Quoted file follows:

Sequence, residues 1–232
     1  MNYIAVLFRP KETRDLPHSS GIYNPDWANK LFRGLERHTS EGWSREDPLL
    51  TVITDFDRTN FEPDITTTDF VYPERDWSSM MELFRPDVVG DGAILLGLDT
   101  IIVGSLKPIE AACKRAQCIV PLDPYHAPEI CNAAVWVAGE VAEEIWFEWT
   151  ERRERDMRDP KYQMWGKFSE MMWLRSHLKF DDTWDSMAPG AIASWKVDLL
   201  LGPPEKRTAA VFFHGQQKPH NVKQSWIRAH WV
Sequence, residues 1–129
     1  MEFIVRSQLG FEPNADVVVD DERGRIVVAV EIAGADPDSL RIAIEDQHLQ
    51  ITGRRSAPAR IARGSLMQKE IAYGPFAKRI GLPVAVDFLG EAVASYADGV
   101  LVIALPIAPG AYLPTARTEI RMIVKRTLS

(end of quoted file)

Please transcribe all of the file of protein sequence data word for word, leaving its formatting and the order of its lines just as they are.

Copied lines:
Sequence, residues 1–232
     1  MNYIAVLFRP KETRDLPHSS GIYNPDWANK LFRGLERHTS EGWSREDPLL
    51  TVITDFDRTN FEPDITTTDF VYPERDWSSM MELFRPDVVG DGAILLGLDT
   101  IIVGSLKPIE AACKRAQCIV PLDPYHAPEI CNAAVWVAGE VAEEIWFEWT
   151  ERRERDMRDP KYQMWGKFSE MMWLRSHLKF DDTWDSMAPG AIASWKVDLL
   201  LGPPEKRTAA VFFHGQQKPH NVKQSWIRAH WV
Sequence, residues 1–129
     1  MEFIVRSQLG FEPNADVVVD DERGRIVVAV EIAGADPDSL RIAIEDQHLQ
    51  ITGRRSAPAR IARGSLMQKE IAYGPFAKRI GLPVAVDFLG EAVASYADGV
   101  LVIALPIAPG AYLPTARTEI RMIVKRTLS